The Forbidden City was the centre of Imperial China during the Ming and Qing dynasties (1416 – 1911). In its heyday, as many as 9,000 people – guards, servants, eunuchs, concubines, civil servants and members of the Royal Family – lived inside the Forbidden City. Entry was restricted to very few, apart from ministers and state officials. Today, the Forbidden City is the largest and best-preserved ancient palace complex in the world.
Covering 720,000 square metres, it contains 90 palaces and courtyards, 980 buildings and 9,999 rooms, all constructed with wood. The Outer Court was where the emperor carried out ceremonies, state banquets and imperial examinations. To the north of the Outer Court, lying beyond the Gate of Heavenly Purity is the Inner Court where the emperor, his consorts and the imperial household once lived. It is believed that approximately one million imperial treasures – paintings, silver, gold, jades, bronze ware, ceramics, porcelains, embroidered silk – are still kept here.
Today, the Forbidden City is the largest and best-preserved ancient palace complex in the world. Covering 720,000 square metres, it contains 90 palaces and courtyards, 980 buildings and 9,999 rooms, all constructed with wood. The Outer Court houses three important structures – the Hall of Supreme Harmony, Hall of Middle Harmony and the Hall of Preserving Harmony – where the emperor carried out ceremonies, state banquets and imperial examinations. To the north of the Outer Court, lying beyond the Gate of Heavenly Purity is the Inner Court where the emperor, his consorts and the imperial household lived.
Imagine getting lost inside a closed world of brightly painted wood, massive pillars with elaborately carved dragon scales and heads, white stone floors covered by yellow carpets, walls adorn with decorative silk embroideries and paintings. The Forbidden City is filled with history and haunting memories of Imperial China.
Forbidden City History
The construction of the Forbidden City was commissioned by Emperor Yong Le, the third Ming Emperor, after he relocated the capital city to Beijing in 1406. Following the ancient rules of spatial design, and the Chinese belief that emperors were gods bestowed by heaven, the arrangement of the buildings reflects the hierarchical order in heaven; all principal buildings are aligned on the vertical axis from south to north, flanked by a symmetrical arrangement of minor structures on horizontal axes. This arrangement puts the Forbidden City right at the centre of downtown Beijing.
After 14 years, the construction of all main structures was finished. A maze of bright-red walls, white marble balustrades with ornate relief patterns and yellow tiled roofs became the signature of this Imperial City. For the next 500 years, it housed the administrations and imperial households of 24 emperors, survived several peasant revolutions and saw millions of treasures come and go. Then China plunged into a period of political turmoil, ending the phase of feudal rule with Pu Yi – the last emperor of China. In 1925, the Forbidden City was open to public.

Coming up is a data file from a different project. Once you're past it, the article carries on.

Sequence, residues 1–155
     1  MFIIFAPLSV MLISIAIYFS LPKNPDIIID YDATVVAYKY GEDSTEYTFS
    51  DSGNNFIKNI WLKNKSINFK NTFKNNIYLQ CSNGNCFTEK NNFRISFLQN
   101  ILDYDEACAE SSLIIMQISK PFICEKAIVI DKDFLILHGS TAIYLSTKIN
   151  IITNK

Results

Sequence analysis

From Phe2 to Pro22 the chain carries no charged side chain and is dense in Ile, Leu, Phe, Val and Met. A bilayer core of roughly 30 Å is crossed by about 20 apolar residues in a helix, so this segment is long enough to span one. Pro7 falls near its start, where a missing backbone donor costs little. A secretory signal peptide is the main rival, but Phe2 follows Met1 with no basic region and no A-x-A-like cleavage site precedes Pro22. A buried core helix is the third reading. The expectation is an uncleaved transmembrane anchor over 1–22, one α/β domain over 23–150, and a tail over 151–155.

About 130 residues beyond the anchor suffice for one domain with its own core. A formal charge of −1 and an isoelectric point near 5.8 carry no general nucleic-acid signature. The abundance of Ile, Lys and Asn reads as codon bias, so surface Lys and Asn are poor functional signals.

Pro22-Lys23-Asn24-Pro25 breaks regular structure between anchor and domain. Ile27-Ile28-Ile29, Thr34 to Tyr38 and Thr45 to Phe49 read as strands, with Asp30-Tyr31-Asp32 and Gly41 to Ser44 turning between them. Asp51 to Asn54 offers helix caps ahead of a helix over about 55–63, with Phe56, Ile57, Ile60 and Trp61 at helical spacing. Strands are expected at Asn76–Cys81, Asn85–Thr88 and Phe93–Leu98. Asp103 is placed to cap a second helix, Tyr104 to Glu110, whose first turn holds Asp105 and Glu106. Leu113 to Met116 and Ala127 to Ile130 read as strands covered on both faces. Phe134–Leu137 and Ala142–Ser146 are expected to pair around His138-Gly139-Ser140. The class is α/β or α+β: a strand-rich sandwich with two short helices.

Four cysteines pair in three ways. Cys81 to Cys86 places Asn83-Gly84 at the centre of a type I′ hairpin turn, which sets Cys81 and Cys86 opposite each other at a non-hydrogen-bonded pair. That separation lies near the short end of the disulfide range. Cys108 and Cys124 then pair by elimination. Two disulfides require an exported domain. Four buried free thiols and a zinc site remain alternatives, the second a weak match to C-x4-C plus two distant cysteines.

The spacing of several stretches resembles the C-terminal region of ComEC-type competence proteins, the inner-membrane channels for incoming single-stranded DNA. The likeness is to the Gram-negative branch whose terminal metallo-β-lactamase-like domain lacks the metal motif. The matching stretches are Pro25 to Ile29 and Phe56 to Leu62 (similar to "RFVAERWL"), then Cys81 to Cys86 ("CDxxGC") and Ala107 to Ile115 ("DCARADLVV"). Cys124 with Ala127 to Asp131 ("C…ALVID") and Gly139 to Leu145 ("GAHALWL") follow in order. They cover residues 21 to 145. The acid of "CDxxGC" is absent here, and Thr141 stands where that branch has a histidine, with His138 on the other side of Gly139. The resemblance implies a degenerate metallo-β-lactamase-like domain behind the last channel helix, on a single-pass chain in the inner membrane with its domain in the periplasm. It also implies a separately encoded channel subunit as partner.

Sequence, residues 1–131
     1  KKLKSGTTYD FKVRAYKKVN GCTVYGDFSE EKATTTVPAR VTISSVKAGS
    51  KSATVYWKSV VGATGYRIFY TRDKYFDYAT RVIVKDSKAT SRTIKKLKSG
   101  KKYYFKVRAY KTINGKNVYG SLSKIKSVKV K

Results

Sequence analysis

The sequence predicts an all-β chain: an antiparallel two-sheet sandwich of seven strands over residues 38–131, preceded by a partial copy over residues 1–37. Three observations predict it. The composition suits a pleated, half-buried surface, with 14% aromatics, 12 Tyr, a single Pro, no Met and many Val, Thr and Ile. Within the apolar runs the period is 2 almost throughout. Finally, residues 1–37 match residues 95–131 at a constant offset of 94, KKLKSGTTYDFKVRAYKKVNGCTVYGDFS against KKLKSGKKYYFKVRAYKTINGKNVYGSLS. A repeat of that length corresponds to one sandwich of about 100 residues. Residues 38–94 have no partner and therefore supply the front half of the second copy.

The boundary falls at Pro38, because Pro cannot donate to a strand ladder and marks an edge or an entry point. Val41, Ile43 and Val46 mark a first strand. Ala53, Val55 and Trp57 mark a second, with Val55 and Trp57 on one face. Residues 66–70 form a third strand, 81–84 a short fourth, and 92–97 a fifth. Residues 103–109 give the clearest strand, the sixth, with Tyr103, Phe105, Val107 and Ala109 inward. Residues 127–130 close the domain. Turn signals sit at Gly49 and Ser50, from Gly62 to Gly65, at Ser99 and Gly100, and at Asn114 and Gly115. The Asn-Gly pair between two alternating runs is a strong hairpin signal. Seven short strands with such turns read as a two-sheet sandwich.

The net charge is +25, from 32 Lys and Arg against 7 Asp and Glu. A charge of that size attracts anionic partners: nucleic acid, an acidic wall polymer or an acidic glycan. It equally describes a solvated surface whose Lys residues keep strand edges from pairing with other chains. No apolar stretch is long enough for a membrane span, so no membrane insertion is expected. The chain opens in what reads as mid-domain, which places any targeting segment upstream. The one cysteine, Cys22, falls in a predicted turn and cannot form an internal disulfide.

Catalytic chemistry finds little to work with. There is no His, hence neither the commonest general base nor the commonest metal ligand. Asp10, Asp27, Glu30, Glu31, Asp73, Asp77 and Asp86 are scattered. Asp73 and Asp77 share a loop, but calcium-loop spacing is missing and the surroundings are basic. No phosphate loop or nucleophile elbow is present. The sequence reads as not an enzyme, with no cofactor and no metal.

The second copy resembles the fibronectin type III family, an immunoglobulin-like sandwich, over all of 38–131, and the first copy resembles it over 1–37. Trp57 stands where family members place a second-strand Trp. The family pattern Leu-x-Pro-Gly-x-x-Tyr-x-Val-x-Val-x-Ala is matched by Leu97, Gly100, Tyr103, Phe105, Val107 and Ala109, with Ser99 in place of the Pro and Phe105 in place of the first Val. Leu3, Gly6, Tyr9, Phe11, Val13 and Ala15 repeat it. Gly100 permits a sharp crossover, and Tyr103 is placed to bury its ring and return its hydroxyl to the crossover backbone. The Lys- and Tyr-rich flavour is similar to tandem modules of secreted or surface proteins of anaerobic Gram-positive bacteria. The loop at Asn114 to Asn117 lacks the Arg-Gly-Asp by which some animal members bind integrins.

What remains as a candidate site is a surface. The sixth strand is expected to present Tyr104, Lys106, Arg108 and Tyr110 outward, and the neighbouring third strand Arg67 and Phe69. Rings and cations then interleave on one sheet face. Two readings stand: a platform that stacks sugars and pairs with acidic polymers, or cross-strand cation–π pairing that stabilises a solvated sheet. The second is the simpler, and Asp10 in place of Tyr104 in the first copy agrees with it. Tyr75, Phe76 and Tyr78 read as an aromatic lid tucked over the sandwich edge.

Highlights and Features
- Meridian Gate: The southern (main) entrance with five individual gates, for admitting people of certain ranks. The central gate was traditionally preserved for the use of the emperor.
- Gate of Supreme Harmony: Main entrance to the Outer Court guarded by a pair of bronze lion statues, symbolising imperial power.
- Hall of Supreme Harmony: The largest hall within the Forbidden City, used for ceremonial purposes, such as coronations, military leader nominations and imperial weddings. It is set on a three-tiered marble stone base and houses the ornate Dragon Throne.
- Hall of Preserved Harmony: Pillar-free hall used for banquets and later imperial examinations.
- Gate of Heavenly Purity: Separates the Inner Court from Outer Court, guarded by a pair of bronze lion statues.
- Palace of Heavenly Purity: The emperor’s residence and, in the later Qing period, imperial audience hall.
- Palace of Earthly Tranquility: The empress’ residence during the Ming Dynasty (1368 – 1644), then the Qing emperor’s nuptial chamber and worshipping altar.
- Hall of Mental Cultivation: The emperor’s office and later (from Emperor Yongzheng onwards) his bed chamber.
- Clock Exhibition Hall: Houses about 200 antique clocks and timepieces given to the emperors by foreign envoys and Chinese-made clocks, including the six-metre high water clock – the largest in China.
- Imperial Garden: Where the imperial family spent their leisure time. Peppered with sculptures and four pavilions symbolising the four seasons, this landscaped garden is ideal for relaxing in.
- Treasure Gallery: It is believed that today, approximately one million imperial treasures – paintings, silver, gold, jades, bronze ware, ceramics, porcelains, embroidered silk – are kept in the Forbidden City. They are on display at the Treasure Gallery located at the northeastern corner, inside the three exhibition halls: Hall of Spiritual Cultivation, Hall of Joyful Longevity and Belvedere of Well-Nourished Harmony.
Good to Know and What Not to Miss
- Plan to spend at least three hours touring the main attractions
- Some of the buildings may be under renovation and closed to public
- Located opposite Tiananmen Square
- Opening Hours: April 1st - October 31st 08:30 to 17:00 (last entry: 16:10), November 1st - March 31st 08:30 to 16:30 (last entry: 15:40)
- Address: 4 Jingshan Qianjie, Beijing 100009, China
- Tel: +86 10 8500 7421
- Price Range: April 1st - October 31st: 60 yuan, November 1st - March 31st: 40 yuan
- How to get there: Subway Line 1: Get off at Tiananmen West or Tiananmen East Station, then walk north though the Tiananmen Tower (Gate of Heavenly Peace). Subway Line 2: Get off at Qianmen Station, then walk north through the Tiananmen Tower.